The conductive wheel caster is a form of specialty caster produced in both soft and hard wheel versions, with the wheel and caster body both able to conduct electricity. This design feature is considered ideal for use in clean rooms and anti-static applications.
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Non braking casters are the most common caster has no braking feature, which means the caster has no mechanism to lock the wheels in any way at any time. This is the most popular and most economical option for seating applications that do not require the wheels to be locked..
When braking is required, the most popular type of braking caster features a lever on the caster housing that generally has two positions: locked, which locks the caster wheels; and unlocked, which allows the furniture caster wheels to roll freely. Braking casters are generally employed on carts, tables or other mobile systems (other than chairs) where temporary or permanent immobilization of the furniture is desired.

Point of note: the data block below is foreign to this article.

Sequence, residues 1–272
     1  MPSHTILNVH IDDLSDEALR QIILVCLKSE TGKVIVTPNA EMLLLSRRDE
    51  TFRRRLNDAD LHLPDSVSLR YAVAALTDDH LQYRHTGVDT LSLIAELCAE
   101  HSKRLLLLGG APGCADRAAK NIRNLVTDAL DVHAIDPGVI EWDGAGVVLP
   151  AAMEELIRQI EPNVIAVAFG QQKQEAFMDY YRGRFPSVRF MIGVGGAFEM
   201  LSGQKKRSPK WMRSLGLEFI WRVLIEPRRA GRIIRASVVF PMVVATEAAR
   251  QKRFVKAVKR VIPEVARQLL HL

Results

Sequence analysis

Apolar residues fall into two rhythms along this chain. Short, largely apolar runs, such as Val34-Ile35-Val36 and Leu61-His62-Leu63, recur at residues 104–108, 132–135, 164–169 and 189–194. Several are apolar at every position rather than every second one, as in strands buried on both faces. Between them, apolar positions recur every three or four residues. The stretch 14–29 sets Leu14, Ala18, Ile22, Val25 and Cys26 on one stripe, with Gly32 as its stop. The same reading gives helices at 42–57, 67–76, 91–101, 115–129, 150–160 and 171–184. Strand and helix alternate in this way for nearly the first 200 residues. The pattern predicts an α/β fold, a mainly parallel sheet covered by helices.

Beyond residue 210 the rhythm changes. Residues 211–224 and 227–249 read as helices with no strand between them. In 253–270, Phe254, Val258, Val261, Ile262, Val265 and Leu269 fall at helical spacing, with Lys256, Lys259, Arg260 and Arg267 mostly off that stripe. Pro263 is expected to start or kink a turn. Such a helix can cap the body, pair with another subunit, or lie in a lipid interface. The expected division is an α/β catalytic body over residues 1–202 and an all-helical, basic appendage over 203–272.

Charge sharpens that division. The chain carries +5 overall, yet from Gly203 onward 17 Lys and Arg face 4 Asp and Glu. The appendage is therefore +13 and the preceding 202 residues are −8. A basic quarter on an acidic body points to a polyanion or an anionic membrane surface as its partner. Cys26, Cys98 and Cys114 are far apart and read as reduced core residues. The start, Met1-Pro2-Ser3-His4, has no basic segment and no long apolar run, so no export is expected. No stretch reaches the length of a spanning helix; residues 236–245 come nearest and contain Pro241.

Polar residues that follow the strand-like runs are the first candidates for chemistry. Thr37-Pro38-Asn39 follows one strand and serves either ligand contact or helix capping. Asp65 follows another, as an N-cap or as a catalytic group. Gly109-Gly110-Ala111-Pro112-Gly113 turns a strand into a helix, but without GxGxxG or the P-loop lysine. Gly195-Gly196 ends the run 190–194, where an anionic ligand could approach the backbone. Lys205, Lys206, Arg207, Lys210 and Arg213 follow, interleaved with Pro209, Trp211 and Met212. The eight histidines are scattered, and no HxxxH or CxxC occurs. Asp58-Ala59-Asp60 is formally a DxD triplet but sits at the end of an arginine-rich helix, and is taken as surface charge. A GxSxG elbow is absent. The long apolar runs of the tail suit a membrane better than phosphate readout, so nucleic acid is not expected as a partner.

This is a specialty caster with spring‐loaded wheels that will not roll freely unless sufficient weight/compression is applied to the caster. Unloaded brake casters help prevent office chairs from rolling freely when the person stands up. While not
a popular feature in the U.S., many European countries mandate this feature on office furniture casters.
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Friction Ring Stems are the most popular attachment for office chair casters and many other office furniture caster applications, consists of a smooth metal stem containing a spring ring that compresses when the caster is inserted into the receptacle. It is easy to insert and remove and usually provides sufficient holding power, ideal for plastic chair bases or tubular furniture with caster socket inserts.
Threaded Stem/Bolt Stem is more common for tables, carts and frames-based metal furniture. The stem screws into a T-nut or other threaded insert, typically not recommended for office chairs, can provide for adjustment if necessary.
The Top Plate is a steel stamping which screws into the bottom of the furniture and attaches to the caster, common for the bottom of wood office furniture.